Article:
During my React based development, I'll find myself importing a module from '../../../components/Widget' and that ../../../ is anyone's guess if it's right first time or not.

Except I discovered that Next.js (which is what I do most of my React dev with) ships with a trick up its sleeve.

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Update 2020-12-19 - the latest Next.js supports aliases directly through jsconfig.json, so you can skip straight to that part and you get path aliases for (nearly) free!


Next.js uses a preconfigured webpack under the hood that you don't need to mess with.

There's a helpful webpack plugin that let's you alias paths, so I could alias ~ to the root of my project, letting my imports look like this:

import Widget from '~/components/Widget'

Much cleaner. Knowing which plugin this is and how to configure it will be time and energy wasted. Which is why it was nice to find that Next.js silently shipped with it by default.

In the wild

If you're familiar with Next.js already, you might have used the alias already without knowing.

import Head from `next/head`

The above code is actually using the alias feature. Under the hood Next is aliasing a number of their modules to the distribution builds:

alias: {
  // These aliases make sure the wrapper module is not included in the bundles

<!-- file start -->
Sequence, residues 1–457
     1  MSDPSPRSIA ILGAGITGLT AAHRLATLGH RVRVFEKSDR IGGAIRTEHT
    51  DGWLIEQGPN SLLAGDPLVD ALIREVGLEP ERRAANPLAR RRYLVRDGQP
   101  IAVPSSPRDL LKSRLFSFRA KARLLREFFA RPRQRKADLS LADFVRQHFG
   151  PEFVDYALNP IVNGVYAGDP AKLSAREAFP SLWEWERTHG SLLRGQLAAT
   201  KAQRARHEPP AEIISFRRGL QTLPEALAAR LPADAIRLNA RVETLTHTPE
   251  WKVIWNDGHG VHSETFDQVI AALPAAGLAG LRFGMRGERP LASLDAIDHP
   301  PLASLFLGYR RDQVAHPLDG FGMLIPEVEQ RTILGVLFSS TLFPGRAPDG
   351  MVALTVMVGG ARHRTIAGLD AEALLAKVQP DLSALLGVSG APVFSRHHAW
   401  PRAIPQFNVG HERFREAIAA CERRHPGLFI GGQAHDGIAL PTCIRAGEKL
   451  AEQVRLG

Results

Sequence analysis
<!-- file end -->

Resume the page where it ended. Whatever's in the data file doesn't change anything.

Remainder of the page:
// Which makes bundles slightly smaller, but also skips parsing a module that we know will result in this alias
  'next/head': 'next/dist/next-server/lib/head.js',
  'next/router': 'next/dist/client/router.js',
  'next/config': 'next/dist/next-server/lib/runtime-config.js',
  'next/dynamic': 'next/dist/next-server/lib/dynamic.js',

This means it's (relatively) straight forward to add our own custom alias path.

Customising the alias

Add the next.config.js file to your project then it needs to add to the webpack.config.resolve.alias object:

const path = require('path');

module.exports = {
  webpack: config => {
    config.resolve.alias['~'] = path.resolve(__dirname);
    return config;

That's it. Now I can import from '~/components/Widget' and all is well.

Bonus: VS Code support

I'm a VS Code user (so if you're using another editor, please comment below to share how this is done). This means I can alt+click on imported packages and the source will be loaded.

VS Code needs to understand where how I've configured my alias. This is matter of adding a jsconfig.json file to my project's root:

  "compilerOptions": {
    "baseUrl": ".",
    "paths": {
      "~/*": ["./*"]

Now everything works and I don't have to type so many period characters 🎉